Three months after infusion, the overall response rate (ORR)among 51 adult patients with relapsed or refractory diffuse large B-cell lymphoma (DLBCL) was 45 percent, Novartis said, with 37 percent complete responses (CR), or no sign of disease.
Novartis aims for $1 billion in annual sales for CTL019, a drug made by taking T cells from a patient, reprogramming them in the lab to fight cancer, and re-infusing them. The field is crowded, with Kite and Juno also hunting for approval for drugs whose per-patient costs could top $500,000.
“When you look across the three competitors’ data sets, they’re all in a similar range of responses,” Novartis drug development chief Vas Narasimhan said in an interview. “What’s critical is to see the data sets fully mature… and look at the overall safety profile.”
Narasimhan said no deaths were linked to CTL019, though three patients died from disease progression within 30 days of infusion. Seven suffered severe neurological events.
While so-called “CAR-T therapies” from Novartis, Kite and Juno are now last resorts for patients who have failed other treatments, more doctors are growing convinced they have promise. Globally, there are some 183 CAR-T trials underway.
In March, Novartis filed CTL019 with the U.S. Food and Drug Administration for fast-track approval in B-cell acute lymphoblastic leukemia (ALL) in young patients. The FDA has scheduled a July 12 public meeting for that.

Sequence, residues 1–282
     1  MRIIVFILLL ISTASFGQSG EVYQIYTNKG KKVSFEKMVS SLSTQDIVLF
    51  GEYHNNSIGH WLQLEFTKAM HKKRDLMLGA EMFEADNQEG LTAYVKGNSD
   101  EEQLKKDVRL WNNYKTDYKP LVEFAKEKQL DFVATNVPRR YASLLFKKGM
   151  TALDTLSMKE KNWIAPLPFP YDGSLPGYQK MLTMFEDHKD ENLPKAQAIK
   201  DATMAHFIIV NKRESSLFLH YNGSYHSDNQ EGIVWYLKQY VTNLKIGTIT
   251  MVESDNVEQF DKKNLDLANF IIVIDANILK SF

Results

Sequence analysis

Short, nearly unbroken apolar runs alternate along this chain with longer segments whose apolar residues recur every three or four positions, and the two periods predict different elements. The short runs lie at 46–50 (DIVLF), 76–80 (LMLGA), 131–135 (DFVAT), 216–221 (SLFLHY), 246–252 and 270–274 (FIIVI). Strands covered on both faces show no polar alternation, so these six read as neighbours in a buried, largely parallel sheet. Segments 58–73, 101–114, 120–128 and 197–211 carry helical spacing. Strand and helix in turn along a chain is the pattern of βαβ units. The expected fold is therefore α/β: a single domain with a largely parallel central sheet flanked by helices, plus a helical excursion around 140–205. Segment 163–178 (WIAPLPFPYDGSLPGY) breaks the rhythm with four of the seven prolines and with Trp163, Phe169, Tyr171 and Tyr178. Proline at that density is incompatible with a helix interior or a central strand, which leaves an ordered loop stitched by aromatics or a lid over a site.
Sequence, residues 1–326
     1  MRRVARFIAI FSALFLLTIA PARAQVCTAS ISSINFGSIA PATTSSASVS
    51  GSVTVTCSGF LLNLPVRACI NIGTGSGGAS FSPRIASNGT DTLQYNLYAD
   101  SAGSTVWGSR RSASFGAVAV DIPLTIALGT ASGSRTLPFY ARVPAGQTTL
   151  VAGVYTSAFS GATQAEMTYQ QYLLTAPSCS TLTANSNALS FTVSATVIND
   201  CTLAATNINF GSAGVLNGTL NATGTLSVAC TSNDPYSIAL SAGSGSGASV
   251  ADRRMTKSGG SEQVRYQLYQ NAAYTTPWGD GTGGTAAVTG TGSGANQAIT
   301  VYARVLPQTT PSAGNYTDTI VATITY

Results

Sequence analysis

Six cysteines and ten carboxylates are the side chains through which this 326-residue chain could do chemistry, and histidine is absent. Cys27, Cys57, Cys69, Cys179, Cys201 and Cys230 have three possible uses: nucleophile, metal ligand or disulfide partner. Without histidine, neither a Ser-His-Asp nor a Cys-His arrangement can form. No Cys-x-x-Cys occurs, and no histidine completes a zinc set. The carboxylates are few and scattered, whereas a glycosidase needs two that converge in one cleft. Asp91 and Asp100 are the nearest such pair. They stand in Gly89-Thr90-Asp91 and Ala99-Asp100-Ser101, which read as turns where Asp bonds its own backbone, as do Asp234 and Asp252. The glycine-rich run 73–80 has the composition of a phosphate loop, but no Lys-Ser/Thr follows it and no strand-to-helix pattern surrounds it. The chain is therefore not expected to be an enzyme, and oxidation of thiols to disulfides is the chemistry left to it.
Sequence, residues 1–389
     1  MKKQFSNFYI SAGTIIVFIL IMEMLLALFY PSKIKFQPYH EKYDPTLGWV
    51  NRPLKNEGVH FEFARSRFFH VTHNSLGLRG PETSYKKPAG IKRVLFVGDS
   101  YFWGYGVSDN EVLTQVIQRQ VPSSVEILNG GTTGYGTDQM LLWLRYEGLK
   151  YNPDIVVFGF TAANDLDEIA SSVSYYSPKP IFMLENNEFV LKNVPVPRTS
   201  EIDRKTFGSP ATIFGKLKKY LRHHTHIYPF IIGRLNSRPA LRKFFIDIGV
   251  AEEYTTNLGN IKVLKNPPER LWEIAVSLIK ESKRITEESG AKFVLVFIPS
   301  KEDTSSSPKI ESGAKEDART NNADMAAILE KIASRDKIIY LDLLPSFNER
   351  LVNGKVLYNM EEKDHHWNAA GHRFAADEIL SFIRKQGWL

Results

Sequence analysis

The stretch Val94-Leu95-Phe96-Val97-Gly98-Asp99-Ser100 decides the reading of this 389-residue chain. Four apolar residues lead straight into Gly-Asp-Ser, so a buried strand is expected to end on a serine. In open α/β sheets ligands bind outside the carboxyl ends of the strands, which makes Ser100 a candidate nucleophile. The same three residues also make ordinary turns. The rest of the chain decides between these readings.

Novartis could file for FDA approval in DLBCL, the most common form of non-Hodgkin lymphoma (NHL) in adults, around October, with European filings planned about the same time.
Rival Kite Pharma’s experimental drug axi-cel is also under expedited U.S. review against advanced NHL, with additional trials underway in leukaemia patients.
Kite has said 41 percent of NHL patients responded to axi-cel treatment at the six-month cutoff, with 36 percent in complete response.
Though Juno Therapeutics has suffered significant setbacks — patient deaths forced it to abandon its lead CAR-T molecule this year — the company released fresh data last week on another drug, JCAR017, against NHL.
Novartis is studying why some patients respond to CTL019 while others’ cancers avoid detection.
Additional trials are planned, including with newer CAR-Ts combined with other drugs.
“There’s just a lot of science that’s yet to be understood,” Narasimhan said. “I hope we have better answers next year … for what’s going on in the non-responders.”
(Reporting by John Miller, editing by Louise Heavens)